Do you ever feel that feeling of resistance to start something new or difficult? Do you ever fear failure? And more importantly: do you let the fear stop you doing it anyway?
Here's something I learned in the past years: if you're not failing every once in a while, you're not trying hard enough.
This works on many levels. But I'm not here to give you life lessons, and I certainly don't feel experienced enough to do so. But I do know this:
You like drawing and sketching? But maybe you feel intimidated by other people's art, or even by a blank page on which you don't know how to start. You feel fear. Fear that the drawing you make will come out wonky. Fear that you will be unhappy with the result of your efforts. Fear of disappointing yourself.
Do you let the fear hold you back from doing it anyway?
What is worse: 1)feeling frustrated because you're not trying, or 2)making a drawing that doesn't turn out as quite the masterpiece you want it to be?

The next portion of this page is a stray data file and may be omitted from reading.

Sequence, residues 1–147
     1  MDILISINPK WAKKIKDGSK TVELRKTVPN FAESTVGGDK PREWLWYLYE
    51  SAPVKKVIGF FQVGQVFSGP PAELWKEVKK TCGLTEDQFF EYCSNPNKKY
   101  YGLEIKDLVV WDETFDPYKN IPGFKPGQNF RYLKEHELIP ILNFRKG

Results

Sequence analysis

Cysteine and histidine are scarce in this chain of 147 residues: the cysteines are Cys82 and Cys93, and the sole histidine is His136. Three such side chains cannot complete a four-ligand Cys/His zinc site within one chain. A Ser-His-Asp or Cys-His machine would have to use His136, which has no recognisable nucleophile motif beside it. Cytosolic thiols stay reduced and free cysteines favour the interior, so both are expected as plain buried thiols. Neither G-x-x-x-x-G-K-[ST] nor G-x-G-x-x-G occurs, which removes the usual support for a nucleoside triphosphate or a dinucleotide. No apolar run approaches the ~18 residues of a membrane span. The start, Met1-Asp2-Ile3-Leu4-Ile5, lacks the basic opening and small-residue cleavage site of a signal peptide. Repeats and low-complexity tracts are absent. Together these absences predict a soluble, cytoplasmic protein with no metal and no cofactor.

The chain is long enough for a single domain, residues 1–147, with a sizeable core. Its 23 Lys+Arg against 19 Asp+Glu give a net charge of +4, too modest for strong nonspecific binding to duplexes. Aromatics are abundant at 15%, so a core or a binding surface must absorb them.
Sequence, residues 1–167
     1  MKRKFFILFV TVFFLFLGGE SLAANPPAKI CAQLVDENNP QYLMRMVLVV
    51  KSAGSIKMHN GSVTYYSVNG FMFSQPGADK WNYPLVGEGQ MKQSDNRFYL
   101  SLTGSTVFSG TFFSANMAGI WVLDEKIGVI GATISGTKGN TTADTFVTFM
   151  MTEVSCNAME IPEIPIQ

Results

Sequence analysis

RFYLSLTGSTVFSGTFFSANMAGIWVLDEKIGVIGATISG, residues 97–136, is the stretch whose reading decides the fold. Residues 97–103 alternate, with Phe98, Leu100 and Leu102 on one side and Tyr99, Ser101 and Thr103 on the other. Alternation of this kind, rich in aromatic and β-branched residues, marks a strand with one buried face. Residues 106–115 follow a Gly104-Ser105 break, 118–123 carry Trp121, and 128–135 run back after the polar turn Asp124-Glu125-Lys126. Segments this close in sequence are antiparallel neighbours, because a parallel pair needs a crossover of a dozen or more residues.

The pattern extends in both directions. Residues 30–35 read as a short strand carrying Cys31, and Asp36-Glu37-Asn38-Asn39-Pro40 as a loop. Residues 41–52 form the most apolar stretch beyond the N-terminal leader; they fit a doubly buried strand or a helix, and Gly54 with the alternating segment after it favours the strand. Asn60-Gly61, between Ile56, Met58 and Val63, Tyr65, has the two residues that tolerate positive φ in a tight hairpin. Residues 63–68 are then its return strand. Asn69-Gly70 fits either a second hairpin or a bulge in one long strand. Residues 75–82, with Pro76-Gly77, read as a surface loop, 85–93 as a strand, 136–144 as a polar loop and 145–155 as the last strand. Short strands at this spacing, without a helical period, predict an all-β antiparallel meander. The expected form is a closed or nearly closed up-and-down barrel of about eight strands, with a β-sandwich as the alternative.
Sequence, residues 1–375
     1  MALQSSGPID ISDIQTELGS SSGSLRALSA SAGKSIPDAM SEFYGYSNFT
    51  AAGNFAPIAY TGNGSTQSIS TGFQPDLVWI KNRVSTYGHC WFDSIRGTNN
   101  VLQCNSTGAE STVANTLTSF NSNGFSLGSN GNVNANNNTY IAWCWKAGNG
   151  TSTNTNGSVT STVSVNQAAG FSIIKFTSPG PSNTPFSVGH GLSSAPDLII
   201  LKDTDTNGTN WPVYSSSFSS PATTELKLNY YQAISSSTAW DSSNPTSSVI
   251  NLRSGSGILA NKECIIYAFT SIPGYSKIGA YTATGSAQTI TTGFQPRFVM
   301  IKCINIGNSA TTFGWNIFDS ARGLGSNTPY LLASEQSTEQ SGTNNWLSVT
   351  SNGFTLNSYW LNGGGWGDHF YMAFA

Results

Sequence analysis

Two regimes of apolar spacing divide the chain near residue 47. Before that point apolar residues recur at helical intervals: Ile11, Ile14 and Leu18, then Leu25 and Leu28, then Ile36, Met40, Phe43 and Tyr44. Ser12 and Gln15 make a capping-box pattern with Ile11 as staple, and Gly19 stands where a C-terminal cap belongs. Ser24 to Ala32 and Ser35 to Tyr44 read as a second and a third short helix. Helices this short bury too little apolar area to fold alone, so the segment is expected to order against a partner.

Here's one of my favorite quotes, by Victor Kiam:
"Even if you fall on your face, you're still moving forward".
I think that hits the nail right on its head.
If I would have followed my fears instead of following my heart, I would never have started my first online drawing course, 'Just Draw It.' or any of the online classes that followed. Yes, I encountered quite some failures along the way, but I learned from my mistakes and moved on. And then, the stumbling forward became a confident walk. Or at least, I feel proud every time when participants tell me about their aha-moments and when I see their progress during the 5 weeks of the course.
This is what Christel says about Just Draw It: "These five last weeks, I have tried several techniques that I would not have tried on my own. I like the way you approach each new subject, building up our skills step by step. You make complicated subjects simple and fun! And I loved the atmosphere in the class. "
When you're developing a (new) skill, you make mistakes. Or, as Bob Ross used to call them: 'Happy accidents'. Then you look at them, and learn from them. Next time, instead of fearing that failure, you tackle it and go forward. You make it a failure-feast and in the end, you gained lots of new skills and experience. Not to mention, the whole adventure you went through.
So, here's a question for you: Are you ready to go and fail at something?
Labels: Sharing inspiration